Myatt would make his ARCA series debut the following year at Toledo Speedway in 2016 with Cunningham Motorsports driving the #22, with Louisiana Hot Sauce coming on board to sponsor. “It actually went terrible when we went to test there. I felt like I couldn’t get it right,” Myatt relayed to me, looking back on his first experience in an ARCA car. As race day stood on the horizon for Toledo, Myatt felt more sorry than safe about his chances of having a good run, based on the results of his lackluster test session. However, his doubt and worry would be contraindicated as he crossed the finish line on the final lap in the lead. It was all thanks to a strategy call by his crew he claims, “A caution came out at some point mid-race, Chase (Briscoe, who was Snider’s teammate at the time) & I took tires because we only got one set. I ended up beating him off pit road. So I restarted 5th, he was 6th. I ended up getting through all of the cars in front of us much faster than he did, and I took the lead and didn’t look back.” With his victory, Myatt became one of only a handful of drivers to win in their very first ARCA career start. “It was pretty cool to win my first ARCA start. I was shocked just because usually it took me a while to figure out how to get the most out of a race car. So that’s also one of my favorite wins.”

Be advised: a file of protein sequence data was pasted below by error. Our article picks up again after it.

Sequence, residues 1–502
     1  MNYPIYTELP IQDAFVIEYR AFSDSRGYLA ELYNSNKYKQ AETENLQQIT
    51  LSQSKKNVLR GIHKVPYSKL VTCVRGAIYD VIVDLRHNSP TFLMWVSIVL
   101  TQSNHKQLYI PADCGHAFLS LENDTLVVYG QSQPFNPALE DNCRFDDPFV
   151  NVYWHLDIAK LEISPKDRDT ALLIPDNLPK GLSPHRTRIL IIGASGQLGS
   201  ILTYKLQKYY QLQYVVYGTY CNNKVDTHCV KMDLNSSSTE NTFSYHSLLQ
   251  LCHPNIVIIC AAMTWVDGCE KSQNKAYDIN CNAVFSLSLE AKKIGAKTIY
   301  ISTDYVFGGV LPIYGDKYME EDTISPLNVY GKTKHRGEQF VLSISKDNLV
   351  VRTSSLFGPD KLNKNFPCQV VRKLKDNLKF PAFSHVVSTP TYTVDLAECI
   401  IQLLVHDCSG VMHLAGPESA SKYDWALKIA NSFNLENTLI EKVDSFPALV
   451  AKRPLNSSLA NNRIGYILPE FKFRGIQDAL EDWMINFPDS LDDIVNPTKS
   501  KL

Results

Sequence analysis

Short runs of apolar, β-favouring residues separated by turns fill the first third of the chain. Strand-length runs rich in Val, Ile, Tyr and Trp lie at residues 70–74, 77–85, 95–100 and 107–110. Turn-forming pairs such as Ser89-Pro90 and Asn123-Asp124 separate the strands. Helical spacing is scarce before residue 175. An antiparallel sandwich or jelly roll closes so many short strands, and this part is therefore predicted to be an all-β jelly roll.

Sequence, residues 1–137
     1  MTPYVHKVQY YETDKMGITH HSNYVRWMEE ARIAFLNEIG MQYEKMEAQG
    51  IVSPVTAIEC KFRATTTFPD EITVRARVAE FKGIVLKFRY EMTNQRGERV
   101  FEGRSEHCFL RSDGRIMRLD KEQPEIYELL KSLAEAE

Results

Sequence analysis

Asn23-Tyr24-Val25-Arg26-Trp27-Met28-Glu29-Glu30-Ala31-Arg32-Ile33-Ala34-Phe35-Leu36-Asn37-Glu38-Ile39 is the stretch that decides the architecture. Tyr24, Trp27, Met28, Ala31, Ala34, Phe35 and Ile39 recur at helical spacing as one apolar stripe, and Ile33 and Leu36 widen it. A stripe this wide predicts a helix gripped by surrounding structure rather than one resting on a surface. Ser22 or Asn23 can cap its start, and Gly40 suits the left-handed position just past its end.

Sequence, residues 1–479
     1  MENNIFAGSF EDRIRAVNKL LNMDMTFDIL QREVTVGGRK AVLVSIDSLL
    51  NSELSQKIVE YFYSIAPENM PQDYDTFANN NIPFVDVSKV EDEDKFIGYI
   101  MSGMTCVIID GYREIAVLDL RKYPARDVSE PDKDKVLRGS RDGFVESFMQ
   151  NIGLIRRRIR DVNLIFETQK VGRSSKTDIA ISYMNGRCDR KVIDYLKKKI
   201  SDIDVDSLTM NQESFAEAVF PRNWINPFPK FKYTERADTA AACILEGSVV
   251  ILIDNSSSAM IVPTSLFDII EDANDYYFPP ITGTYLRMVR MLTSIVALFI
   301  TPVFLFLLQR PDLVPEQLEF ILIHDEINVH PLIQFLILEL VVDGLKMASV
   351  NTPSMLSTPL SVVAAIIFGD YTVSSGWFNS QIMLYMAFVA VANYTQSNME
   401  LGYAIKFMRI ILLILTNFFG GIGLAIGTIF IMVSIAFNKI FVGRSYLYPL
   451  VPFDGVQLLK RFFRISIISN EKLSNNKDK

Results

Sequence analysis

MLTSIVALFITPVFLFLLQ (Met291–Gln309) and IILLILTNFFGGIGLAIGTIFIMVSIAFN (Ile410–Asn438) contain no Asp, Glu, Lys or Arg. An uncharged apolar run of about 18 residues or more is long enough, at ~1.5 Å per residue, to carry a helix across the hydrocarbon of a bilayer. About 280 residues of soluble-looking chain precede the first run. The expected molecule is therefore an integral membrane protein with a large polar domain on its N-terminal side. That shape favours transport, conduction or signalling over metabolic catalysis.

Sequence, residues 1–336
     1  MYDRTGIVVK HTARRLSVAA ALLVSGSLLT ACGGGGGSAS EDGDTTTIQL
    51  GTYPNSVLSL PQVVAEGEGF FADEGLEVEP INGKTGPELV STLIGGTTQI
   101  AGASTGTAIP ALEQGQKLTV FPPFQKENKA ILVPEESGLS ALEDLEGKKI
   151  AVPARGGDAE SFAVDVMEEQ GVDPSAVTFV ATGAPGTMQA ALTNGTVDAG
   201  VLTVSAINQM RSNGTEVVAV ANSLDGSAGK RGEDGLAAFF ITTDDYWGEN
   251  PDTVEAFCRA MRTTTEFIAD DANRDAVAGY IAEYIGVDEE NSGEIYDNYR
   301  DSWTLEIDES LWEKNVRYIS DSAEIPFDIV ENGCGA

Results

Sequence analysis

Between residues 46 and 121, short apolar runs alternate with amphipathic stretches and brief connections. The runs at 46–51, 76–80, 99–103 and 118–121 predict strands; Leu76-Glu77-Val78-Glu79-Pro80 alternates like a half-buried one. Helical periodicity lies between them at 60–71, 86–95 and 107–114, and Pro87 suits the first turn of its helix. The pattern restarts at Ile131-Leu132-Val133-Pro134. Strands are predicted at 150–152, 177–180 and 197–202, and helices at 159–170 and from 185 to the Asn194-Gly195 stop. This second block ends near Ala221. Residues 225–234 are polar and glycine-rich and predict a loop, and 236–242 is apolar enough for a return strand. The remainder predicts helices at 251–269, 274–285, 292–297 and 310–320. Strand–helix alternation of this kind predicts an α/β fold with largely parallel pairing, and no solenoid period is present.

Rounding out his first and only full-time ARCA season with four top-ten finishes, and a pole award at Michigan International Speedway, Myatt moved on to the big leagues the following year joining the NASCAR Camping World Truck series. Piloting the #51 Toyota Tundra for Kyle Busch Motorsports on a part-time basis, Myatt made his debut at Daytona, gathering his first truck series top ten in the process. In 2018 he switched teams, racing full time in the #13 for Thorsport Racing, replacing driver Cody Coughlin. With consistent runs at multiple tracks, he concluded his season with eight top-ten finishes, three top-five finishes, a ninth-place points finish, and a 2018 Rookie of the Year title. Despite not scoring a win, based on his consistency and his Rookie of the Year title, it seemed as though Myatt was poised to have another stellar year in the truck series. However, things took a turn of events that Myatt couldn’t have foreseen coming.